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HomeOlympicMegan Tapper, a tough yr, with ending!

Megan Tapper, a tough yr, with ending!

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IMG_1075.JPGMegan Tapper, 2021 Tokyo Olympics, photo by British Athletics

Megan Tapper may have been one of the happiest Olympic bronze medalists in Tokyo! I remember watching her on TV and thinking, Megan gets it. The Olympic Games is watched by billions, and only 2,000 track & field athletes compete, from 209 countries in the global games. Stuart Weir wrote this piece on Megan.

Megan Tapper

Megan Tapper describes 2021 as a difficult year which had a good ending. In 2019 she had taken bronze in the PanAm Games and reached the final of the World Championships in Doha where she hit a hurdle and failed to finish. Then the Pandemic happened meaning that her 2020 season was restricted to five meets, none of them very distinguished.

ENS_Athletics_20JUL19_MB_0202.JPGMegan Tapper, photo by Martin Bateman

Going back, her route to becoming a sprint hurdler is an interesting one: “I was a dancer first and then I did gymnastics and cheer leading. I dabbled in some other sports like netball and synchronised swimming before I found track and field. My first event was long jump and in middle school I won at the schools’ championships but I found that long-jump hurt my muscles, bones and shins. Long jump is a lot of pounding. So I tried hurdles”. And, as they say, the rest is history. Her early 2021 season races were a struggle, often 13 something. Then in her final meet before Tokyo in American Track League, Trabucco Hills HS, Mission Viejo, a 12.48.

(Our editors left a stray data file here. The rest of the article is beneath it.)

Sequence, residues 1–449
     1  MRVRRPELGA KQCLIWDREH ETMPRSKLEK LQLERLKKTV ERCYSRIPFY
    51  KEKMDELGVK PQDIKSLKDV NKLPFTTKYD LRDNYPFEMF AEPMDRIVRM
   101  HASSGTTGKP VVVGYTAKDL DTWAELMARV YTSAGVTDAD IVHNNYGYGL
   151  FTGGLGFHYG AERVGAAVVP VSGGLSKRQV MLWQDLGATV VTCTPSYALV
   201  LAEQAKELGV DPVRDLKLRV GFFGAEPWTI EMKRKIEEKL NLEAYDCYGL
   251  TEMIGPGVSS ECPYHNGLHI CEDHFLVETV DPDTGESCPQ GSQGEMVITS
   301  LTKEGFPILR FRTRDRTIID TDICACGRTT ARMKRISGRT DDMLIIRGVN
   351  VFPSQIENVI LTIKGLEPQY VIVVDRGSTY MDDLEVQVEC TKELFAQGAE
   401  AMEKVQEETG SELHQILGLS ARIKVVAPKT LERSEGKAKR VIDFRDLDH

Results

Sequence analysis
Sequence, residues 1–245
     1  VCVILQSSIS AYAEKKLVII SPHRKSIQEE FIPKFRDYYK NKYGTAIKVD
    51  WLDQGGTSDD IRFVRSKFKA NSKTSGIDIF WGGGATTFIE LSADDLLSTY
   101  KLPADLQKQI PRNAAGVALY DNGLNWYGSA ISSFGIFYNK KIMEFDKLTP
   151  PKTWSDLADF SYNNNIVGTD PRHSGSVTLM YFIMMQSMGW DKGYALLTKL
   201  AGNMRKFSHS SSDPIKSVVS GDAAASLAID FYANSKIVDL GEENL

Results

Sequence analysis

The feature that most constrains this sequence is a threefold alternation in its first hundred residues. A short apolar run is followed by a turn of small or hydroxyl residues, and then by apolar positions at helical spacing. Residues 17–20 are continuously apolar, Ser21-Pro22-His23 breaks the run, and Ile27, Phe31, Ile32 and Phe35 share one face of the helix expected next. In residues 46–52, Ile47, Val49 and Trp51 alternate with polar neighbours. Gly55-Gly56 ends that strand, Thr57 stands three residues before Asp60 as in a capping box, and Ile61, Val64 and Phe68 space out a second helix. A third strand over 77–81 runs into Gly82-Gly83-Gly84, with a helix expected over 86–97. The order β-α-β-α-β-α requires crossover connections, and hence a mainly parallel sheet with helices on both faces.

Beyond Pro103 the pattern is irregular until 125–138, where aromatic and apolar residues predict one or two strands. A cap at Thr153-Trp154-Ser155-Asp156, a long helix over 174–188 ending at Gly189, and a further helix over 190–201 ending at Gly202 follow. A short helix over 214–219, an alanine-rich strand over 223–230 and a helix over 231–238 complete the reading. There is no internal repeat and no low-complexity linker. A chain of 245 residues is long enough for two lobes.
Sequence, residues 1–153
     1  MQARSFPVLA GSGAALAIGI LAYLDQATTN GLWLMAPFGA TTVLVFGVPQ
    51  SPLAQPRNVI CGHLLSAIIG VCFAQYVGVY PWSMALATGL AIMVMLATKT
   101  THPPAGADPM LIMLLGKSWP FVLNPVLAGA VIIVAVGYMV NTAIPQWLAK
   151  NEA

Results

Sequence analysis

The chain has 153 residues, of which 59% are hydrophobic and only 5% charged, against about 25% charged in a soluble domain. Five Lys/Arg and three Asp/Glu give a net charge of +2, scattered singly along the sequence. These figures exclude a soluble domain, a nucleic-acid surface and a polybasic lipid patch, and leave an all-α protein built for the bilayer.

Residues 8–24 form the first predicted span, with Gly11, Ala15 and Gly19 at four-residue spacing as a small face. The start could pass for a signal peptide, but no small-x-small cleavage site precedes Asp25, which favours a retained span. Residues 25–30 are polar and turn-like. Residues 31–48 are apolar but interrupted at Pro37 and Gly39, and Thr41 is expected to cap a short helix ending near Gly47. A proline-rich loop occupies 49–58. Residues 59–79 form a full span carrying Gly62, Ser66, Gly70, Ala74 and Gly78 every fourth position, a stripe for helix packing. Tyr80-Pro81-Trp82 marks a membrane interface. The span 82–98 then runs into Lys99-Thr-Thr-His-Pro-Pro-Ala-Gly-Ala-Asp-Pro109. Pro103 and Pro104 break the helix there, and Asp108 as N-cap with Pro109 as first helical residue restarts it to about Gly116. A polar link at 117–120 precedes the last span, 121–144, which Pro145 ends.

Having a coach who is located in Austria caused some logistical issues as she explained: “My coach, Philipp Unfried, is Austrian; he lives in Austria. Because he is the national coach and has a club in Austria, he couldn’t come to Jamaica so I had to go to him. The year has been extremely difficult but I definitely had the right team around me to support me and give me the necessary resources to help me to get where I am now”. Her Husband, Mathue, also has a role in her coaching set-up.

20170811athletics0640.JPG Megan Tapper, Sally Pearson, photo by British Athletics

Having reached the World Championship final in 2019, she told me her Tokyo “expectations were definitely to make the final and vie for a medal”. She ran 12.53 in the Tokyo prelim and 12.62 in the semi – second each time – to make the Olympic final. She was allocated lane nine – the lane she had had in the 2019 World final which had gone wrong: “Getting lane nine again was nerve-wracking so I called upon my mental coach, Wesley Morris, who helped me through dealing with lane nine and to relieve any anxieties I had before the race about lane nine”. She added that “it is important to have the right team around you. Wesley Morris has a special technique that he uses to help with different situations that I might be in”.

IMG_1075.JPGMegan Tapper, photo by British Athletics